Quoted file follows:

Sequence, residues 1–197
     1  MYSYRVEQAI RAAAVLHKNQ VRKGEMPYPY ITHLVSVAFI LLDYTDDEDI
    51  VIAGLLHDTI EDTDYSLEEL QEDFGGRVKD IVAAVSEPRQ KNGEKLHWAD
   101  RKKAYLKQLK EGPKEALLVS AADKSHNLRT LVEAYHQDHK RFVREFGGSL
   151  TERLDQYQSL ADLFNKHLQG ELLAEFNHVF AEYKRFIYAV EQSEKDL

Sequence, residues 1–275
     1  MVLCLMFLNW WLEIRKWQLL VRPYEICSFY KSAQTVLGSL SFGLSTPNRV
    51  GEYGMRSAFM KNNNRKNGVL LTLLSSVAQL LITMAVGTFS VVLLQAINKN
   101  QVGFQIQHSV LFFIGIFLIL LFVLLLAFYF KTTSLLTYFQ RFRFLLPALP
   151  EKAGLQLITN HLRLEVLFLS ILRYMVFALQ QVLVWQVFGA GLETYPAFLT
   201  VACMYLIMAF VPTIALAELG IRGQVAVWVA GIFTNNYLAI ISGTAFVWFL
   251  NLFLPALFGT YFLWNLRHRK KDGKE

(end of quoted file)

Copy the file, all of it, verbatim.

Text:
Sequence, residues 1–197
     1  MYSYRVEQAI RAAAVLHKNQ VRKGEMPYPY ITHLVSVAFI LLDYTDDEDI
    51  VIAGLLHDTI EDTDYSLEEL QEDFGGRVKD IVAAVSEPRQ KNGEKLHWAD
   101  RKKAYLKQLK EGPKEALLVS AADKSHNLRT LVEAYHQDHK RFVREFGGSL
   151  TERLDQYQSL ADLFNKHLQG ELLAEFNHVF AEYKRFIYAV EQSEKDL

Sequence, residues 1–275
     1  MVLCLMFLNW WLEIRKWQLL VRPYEICSFY KSAQTVLGSL SFGLSTPNRV
    51  GEYGMRSAFM KNNNRKNGVL LTLLSSVAQL LITMAVGTFS VVLLQAINKN
   101  QVGFQIQHSV LFFIGIFLIL LFVLLLAFYF KTTSLLTYFQ RFRFLLPALP
   151  EKAGLQLITN HLRLEVLFLS ILRYMVFALQ QVLVWQVFGA GLETYPAFLT
   201  VACMYLIMAF VPTIALAELG IRGQVAVWVA GIFTNNYLAI ISGTAFVWFL
   251  NLFLPALFGT YFLWNLRHRK KDGKE